When Ralph Northam announced his run for Governor one biographical fact made me conclude Ed Gillespie had a problem. Northam’s ten years in public office, military service, and career as a pediatrician didn’t worry me. What did was Northam’s election as the 1981 president of the Virginia Military Institute Honor Court by his fellow Keydets. VMI was then all-male.
Having served as president of the VMI Honor Court meant Ralph Northam would be a formidable candidate.
VMI has a rigid single sanction honor system. Keydets who lie, cheat or steal are expelled. A Keydet’s dismissal is announced to an assembly of the entire corps in a scary middle of-the-night-ceremony with drums rolling and the honor court in full dress uniform. Keydets are told the name of the person expelled may never be spoken again.
On Friday, February 1, 2019, after a picture on Northam’s page in the 1984 Eastern Virginia Medical School yearbook surfaced showing a man in blackface drinking beer with a person wearing a Klan costume, Northam issued a clumsy statement admitting he was in the picture, although he did not say which costume he wore. He then apologized.
Blacks aren’t shocked to learn whites did stupid racist acts in their youth. If the Governor’s explanation was he made stupid mistakes thirty-five years ago, based on his life since then, most Virginians would have believed him and accepted his apology.
Then the Governor changed his story.
On Saturday, February 2, 2019, Northam held a bizarre press conference where he denied being in the picture, and said he planned to use facial recognition software to learn who was. He said he didn’t buy the yearbook –and presumably did not know about the picture– and won a dance contest in Texas dressed as Michael Jackson in blackface by moonwalking.
Governor Northam isn’t credible if he contends nobody ever mentioned the picture to him between 1984 and now. He’s not believable when he claims to know nothing about who is in the picture or how it got there.
I firmly believe the 1981 president of the VMI Honor Court publicly lied that day.
Governor Northam should apply the honor code he applied to other Keydets to himself and resign.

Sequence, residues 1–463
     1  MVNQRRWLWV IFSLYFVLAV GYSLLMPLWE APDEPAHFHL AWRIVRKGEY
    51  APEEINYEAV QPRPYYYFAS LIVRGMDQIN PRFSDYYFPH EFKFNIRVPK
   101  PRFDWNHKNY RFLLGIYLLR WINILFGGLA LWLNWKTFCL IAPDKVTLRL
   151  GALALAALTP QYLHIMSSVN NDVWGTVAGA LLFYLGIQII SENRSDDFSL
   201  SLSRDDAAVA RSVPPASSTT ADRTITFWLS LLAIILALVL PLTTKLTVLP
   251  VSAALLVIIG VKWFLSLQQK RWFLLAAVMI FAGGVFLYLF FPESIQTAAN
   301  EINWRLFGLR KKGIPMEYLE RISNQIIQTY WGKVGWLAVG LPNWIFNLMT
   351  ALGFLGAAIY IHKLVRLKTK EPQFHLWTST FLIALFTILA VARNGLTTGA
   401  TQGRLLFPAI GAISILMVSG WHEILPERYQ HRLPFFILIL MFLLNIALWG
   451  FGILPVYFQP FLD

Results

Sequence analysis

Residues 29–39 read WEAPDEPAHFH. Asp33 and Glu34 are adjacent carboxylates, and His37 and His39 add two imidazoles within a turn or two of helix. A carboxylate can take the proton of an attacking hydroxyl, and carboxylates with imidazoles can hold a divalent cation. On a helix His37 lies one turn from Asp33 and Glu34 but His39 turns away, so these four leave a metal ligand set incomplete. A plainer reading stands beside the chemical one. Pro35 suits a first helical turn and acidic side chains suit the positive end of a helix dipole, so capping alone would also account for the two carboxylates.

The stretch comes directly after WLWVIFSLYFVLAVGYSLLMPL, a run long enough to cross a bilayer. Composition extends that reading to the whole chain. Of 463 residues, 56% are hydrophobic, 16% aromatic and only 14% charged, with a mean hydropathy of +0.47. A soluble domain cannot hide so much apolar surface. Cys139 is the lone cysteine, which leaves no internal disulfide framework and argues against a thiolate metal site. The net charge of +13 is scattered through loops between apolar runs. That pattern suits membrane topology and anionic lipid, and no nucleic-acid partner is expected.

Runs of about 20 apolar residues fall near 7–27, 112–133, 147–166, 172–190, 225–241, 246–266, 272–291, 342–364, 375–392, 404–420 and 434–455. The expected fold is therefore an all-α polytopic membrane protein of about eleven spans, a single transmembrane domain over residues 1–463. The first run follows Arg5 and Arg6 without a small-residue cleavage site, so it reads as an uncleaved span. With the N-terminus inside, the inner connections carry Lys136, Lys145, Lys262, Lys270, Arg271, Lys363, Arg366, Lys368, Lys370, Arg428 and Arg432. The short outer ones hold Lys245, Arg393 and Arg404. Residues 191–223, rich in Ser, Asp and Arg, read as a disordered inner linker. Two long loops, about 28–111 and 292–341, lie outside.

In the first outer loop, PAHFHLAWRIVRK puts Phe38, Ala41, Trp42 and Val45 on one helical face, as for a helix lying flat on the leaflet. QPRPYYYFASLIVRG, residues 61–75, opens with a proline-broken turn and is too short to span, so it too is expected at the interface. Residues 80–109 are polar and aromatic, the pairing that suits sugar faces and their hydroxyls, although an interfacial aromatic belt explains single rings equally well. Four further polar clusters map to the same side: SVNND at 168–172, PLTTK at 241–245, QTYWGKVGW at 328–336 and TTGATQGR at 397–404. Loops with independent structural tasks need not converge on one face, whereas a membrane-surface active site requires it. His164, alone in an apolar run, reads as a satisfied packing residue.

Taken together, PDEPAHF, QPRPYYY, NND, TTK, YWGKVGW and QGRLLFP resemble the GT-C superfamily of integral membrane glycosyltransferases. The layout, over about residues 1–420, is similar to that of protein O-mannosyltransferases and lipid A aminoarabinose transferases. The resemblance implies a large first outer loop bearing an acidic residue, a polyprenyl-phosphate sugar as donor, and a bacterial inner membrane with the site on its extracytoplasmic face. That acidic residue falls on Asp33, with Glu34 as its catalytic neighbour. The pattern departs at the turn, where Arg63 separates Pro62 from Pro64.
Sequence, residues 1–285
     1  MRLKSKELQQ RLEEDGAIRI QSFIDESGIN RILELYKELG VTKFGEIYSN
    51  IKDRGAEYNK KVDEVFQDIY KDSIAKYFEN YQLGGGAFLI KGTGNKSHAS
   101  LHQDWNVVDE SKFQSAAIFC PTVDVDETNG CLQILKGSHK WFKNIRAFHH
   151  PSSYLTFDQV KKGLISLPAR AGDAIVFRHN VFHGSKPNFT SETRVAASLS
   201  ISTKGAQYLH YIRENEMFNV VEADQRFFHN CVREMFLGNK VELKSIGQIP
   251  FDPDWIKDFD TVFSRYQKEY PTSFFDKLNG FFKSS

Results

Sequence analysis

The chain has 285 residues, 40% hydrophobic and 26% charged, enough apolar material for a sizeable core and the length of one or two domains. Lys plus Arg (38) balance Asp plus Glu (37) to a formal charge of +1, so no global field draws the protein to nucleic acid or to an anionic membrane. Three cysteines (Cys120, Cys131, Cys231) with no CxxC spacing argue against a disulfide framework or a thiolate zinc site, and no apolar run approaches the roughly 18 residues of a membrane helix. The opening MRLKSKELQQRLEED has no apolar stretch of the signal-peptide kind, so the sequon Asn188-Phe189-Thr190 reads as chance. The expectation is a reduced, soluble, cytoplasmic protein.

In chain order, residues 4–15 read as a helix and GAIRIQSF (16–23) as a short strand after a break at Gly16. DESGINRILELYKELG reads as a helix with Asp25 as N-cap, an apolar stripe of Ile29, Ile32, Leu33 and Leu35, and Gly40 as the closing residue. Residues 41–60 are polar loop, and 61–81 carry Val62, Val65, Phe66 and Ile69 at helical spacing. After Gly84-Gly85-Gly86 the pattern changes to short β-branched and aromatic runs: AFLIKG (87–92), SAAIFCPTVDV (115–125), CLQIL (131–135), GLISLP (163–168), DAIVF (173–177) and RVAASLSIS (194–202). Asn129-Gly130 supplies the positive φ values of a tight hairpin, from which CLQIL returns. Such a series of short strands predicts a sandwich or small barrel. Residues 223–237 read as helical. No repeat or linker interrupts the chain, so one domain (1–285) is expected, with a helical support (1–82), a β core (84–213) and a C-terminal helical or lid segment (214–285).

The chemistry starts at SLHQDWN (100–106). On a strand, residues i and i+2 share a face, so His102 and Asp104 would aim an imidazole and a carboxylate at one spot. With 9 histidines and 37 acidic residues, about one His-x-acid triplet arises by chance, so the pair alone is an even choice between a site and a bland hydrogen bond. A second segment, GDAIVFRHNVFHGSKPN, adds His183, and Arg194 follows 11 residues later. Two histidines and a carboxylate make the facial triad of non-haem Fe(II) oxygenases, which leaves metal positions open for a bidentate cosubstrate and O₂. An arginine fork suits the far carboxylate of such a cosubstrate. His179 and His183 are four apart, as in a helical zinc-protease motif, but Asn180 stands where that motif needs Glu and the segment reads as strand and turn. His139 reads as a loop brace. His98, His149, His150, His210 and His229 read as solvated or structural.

In the ensuing social media frenzy, Attorney General Mark Herring quickly began shoveling dirt into Northam’s political grave. On February 2, 2019, Herring said: “It is no longer possible for Governor Northam to lead our Commonwealth and it is time for him to step down. I have spoken with Lieutenant Governor Fairfax and assured him that, should he ascend to the governorship, he will have my complete support . . .”
Two problems arose after Herring’s statement. First, days later Herring admitted he went to a party in blackface as a freshman at the University of Virginia in 1980. Second, two women accused Lieutenant Governor Justin Fairfax of sexual assault.
I know Mark Herring casually. He isn’t a racist. He’s a decent fellow. I suspect blacks would give him high marks for listening to their views and advocating for their interests.
It was foolish to dress in blackface in college. It was hypocritical for Herring to call for the Governor’s resignation when he also had dressed in blackface.
The Attorney General doesn’t need to resign, but he shouldn’t run for office in 2021. If the opportunity to serve as governor arises, he should remain in his current office.
Only in Virginia would disclosures about elected officials dressing in blackface set in motion events jeopardizing the career of the Commonwealth’s second black Lieutenant Governor.
There is a difference between a man who put a vile picture in his yearbook or dressed in blackface in his youth and a man who sexually assaults women.
Dr. Vanessa Tyson, a college professor, alleges Justin Fairfax sexually assaulted her in a hotel room during the 2004 Democratic National Convention in Boston. Fairfax does not deny a sexual encounter; he contends what happened was consensual.
Meredith Watson alleges Fairfax sexually assaulted her in 2000 when both were undergraduates at Duke University.
I found Dr. Tyson’s account specific and truthful.
Unless articles of impeachment are introduced in the House of Delegates or a criminal charge filed in Boston, there will be no formal process to adjudicate what happened.
Justin Fairfax cannot serve as Lieutenant Governor with these allegations unresolved.
He should resign.
Politicians should remember “honesty is the best policy” and “people who live in glass houses shouldn’t throw stones.” Despite the instant communication speed of the internet, we all should be more cautious and patient before calling on an elected official to resign.